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Re: Why are Windows paths broken in make 3.81?

Christopher Faylor wrote:

I guess that means there is nothing more to discuss.

Agreed, except for the following.

On Mon, Jul 24, 2006 at 12:53:19PM -0700, Joachim Achtzehnter wrote:
Christopher Faylor wrote:
Well, you *could* expect a fix if you provided enough details.
Understood.  The question is, can there still be value in reporting
that a program crashes, even with minimal but potentially still useful
information?  I'm just asking and am genuinely interested in hearing
the developers' preferences.

No. Reports of "XYZ dies when I run a complicated program" are worthless unless the reporter is willing to help track down the problem.

I resent being mis-represented like this: The report mentioned a very specific error message and was about a change in behaviour from one version to the next. I accept your "No" answer though, you won't see similar reports from me in the future.

If this kind of less-than-ideal problem report is considered to be
always useless, which would come as a surprise to me because as a
developer I've seen many cases where a report like this is all that was
needed to highlight the problem,

I would be very very surprised if you were able to fix problems when someone just mentions that their program crashes when they do something complicated. If that really was the case then you would just have to say that to yourself before every release in order to fix problems.

The point is that nobody was *just* mentioning what you write here. First off, as I wrote above, this was about changed behaviour between one version and the next, presumably implying that only a (relatively) small portion of the source code had changed. It was about the most recently released version, i.e. there is a good chance the changes are still (relatively) fresh in the minds of the developers. Thirdly, there was a specific error message rather than a totally uninformative crash, suggesting that it might (possibly) ring a bell. None of this implied that the information provided would be sufficient (and I didn't count on it), but from my experience there was a reasonable, if small, possibility that it might.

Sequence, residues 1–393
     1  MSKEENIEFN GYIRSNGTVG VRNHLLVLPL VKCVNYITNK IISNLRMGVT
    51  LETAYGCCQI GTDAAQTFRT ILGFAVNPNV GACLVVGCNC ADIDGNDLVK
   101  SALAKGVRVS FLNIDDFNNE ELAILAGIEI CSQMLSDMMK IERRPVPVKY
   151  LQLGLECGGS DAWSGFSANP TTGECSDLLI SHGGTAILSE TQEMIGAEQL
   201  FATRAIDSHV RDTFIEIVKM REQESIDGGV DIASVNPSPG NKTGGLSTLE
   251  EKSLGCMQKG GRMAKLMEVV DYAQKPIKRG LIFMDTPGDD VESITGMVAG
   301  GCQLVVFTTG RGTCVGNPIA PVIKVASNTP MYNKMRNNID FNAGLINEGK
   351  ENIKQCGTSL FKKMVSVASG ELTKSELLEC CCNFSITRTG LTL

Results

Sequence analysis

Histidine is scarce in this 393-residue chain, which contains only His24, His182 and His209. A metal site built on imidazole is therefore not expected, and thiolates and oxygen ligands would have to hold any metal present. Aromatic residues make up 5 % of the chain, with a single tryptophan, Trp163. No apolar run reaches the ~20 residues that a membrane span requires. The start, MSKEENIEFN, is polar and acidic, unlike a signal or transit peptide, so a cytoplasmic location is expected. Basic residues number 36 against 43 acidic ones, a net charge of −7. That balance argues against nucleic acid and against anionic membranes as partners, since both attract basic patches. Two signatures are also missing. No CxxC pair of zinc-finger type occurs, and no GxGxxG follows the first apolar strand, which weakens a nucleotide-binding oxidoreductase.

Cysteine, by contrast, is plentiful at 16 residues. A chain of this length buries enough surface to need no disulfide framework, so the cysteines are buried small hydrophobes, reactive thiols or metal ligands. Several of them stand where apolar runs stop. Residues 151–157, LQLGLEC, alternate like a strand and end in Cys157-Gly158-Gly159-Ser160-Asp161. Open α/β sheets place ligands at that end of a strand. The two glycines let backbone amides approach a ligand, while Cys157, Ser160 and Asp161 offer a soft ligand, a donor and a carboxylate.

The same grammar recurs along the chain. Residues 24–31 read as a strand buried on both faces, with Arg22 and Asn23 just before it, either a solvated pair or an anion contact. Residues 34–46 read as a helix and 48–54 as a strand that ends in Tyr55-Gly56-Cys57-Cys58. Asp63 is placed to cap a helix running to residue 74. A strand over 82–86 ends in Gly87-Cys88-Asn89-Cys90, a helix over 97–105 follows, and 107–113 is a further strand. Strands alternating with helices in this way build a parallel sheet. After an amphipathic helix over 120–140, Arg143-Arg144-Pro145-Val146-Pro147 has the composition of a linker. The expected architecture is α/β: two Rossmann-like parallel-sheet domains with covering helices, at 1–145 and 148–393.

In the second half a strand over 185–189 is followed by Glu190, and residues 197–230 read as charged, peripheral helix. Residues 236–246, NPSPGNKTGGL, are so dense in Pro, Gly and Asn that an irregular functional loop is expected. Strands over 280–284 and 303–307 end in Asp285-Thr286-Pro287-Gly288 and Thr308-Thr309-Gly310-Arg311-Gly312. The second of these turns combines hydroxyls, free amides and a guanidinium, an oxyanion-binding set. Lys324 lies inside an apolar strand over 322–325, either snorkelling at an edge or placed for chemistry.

I've certainly seen many cases where I just needed to see an error message like this in conjunction with having released a recent change to know immediately what went wrong. Obviously, it is just as likely that this doesn't help at all. In spite of the latter, I definitely want to see such reports from our customers as it can save time for both of us. If the provided info doesn't help one can always ignore it until more effort is put into providing more details. In any case, the last thing I can afford to do in such a situation is to accost my customer, but then I'm in a different situation from you on that point. :-)

If that really was the case then you would just have to
say that to yourself before every release in order to fix problems.

And how do I divine the error message?

I didn't take it out of context before and I am not doing so now.  I
trimmed the parts that I wanted to respond to, as is good internet

Trimming to the relevant parts is one thing, trimming (and rephrasing) to the point where the quote mis-represents what was written is another...

I was trying to get to the bottom of something that seemed like it could
be a bug.

If you hear more from me about the crash it will be with sufficient information to reproduce it without sending you several hundreds of thousands of lines of source code and makefiles.



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